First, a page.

Take on the challenge

Medical students say addressing the challenges of racism requires robust, continuous and creative efforts. They are pleased that the College of Medicine – Phoenix and the College of Medicine – Tucson have introduced “Anti-Racism in Medicine” action plans, but they also want to see concrete changes that offer solutions to these issues.

As with students at other UArizona health sciences colleges, they would like better recruitment and retention of students, staff, and faculty who are Black, Indigenous, or of color; more scholarships for underrepresented medical students; better mentoring and support services; curriculum changes; and more diversity among standardized patients.

Oumou Bah, a medical student in the class of 2024 and former leader of the African American Medical Student Association at the College of Medicine – Tucson, noted that one of her dreams is to try to address disparities in matter of health.

Standardized patients, often white and older, help with classes and training on specific medical conditions. Students from both medical schools would like more of a mix of colors, ethnicities and ages between them. Both colleges have taken steps to diversify their standardized patient pools, including Tucson’s development of bilingual flyers and a multi-ethnic video to advertise a broader applicant base. Candidates have also been offered unconscious bias training since last year. But some students grow impatient with the change.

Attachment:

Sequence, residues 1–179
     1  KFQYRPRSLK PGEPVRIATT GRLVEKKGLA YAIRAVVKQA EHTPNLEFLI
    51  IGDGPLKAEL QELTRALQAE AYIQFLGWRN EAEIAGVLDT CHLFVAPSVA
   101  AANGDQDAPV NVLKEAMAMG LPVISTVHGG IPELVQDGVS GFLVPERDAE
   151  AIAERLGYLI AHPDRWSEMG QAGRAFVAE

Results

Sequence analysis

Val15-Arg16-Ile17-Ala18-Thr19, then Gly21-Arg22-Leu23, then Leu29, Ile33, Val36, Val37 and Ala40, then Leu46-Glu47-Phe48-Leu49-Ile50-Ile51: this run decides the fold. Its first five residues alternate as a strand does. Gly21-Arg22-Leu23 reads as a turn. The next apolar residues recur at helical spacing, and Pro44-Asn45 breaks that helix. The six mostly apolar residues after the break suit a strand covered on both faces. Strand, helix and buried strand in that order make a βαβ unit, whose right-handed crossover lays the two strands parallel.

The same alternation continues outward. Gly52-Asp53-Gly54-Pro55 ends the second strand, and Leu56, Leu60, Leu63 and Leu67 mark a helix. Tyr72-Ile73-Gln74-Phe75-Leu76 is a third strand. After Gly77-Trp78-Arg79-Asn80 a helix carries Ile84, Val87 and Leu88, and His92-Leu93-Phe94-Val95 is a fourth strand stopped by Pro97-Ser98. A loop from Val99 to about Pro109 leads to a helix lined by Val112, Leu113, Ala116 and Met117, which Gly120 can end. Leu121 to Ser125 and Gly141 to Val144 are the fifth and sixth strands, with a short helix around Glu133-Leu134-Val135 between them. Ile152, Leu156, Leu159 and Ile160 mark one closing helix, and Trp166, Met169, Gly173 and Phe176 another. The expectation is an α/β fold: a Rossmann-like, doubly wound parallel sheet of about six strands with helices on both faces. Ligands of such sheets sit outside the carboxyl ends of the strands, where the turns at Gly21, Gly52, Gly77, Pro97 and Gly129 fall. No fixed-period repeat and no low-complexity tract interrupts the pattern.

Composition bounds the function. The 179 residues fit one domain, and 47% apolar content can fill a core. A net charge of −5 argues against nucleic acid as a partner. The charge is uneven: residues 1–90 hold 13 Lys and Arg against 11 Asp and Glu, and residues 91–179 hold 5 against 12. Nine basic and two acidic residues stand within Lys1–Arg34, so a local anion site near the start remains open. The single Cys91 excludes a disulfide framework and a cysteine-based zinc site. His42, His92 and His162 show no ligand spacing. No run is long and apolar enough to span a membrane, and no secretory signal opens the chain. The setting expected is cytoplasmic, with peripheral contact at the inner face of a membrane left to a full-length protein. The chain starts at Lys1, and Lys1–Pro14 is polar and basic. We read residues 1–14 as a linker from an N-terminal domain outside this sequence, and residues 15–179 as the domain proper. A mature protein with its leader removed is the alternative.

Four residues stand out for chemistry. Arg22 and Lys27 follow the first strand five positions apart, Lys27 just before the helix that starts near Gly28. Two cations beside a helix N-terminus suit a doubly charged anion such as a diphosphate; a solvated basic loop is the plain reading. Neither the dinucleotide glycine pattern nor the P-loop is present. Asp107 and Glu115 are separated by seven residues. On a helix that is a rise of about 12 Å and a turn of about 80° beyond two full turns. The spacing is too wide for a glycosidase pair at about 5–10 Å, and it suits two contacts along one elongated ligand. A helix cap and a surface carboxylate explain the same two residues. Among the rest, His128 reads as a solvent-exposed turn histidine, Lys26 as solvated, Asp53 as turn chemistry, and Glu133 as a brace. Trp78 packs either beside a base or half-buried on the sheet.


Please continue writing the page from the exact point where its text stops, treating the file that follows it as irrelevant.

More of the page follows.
“We always hear, ‘We want to teach cultural competence to our medical students,’ and also teach them to serve all skin color types. But, when you teach us, you mainly give us white skin color as a model,” said Fatouma Tall, a freshman medical student at UArizona in Phoenix. “I want to see real progress, not just tiptoe.”

Shannon AlsobrooksFreshman and SNMA Chapter Leader, is the Student Representative for the Class of 2025. As part of this role, Alsobrooks is often asked to participate in interview committees for incoming faculty and staff.

“A few months ago we interviewed a potential faculty member who was African American,” Alsobrooks said. “I said to him, ‘We just appreciate you being here and being here.’ We had a good discussion and hopefully he will be appointed as a teacher. It just shows that the doors are open to change and that our school is receptive to it.

Transform a curriculum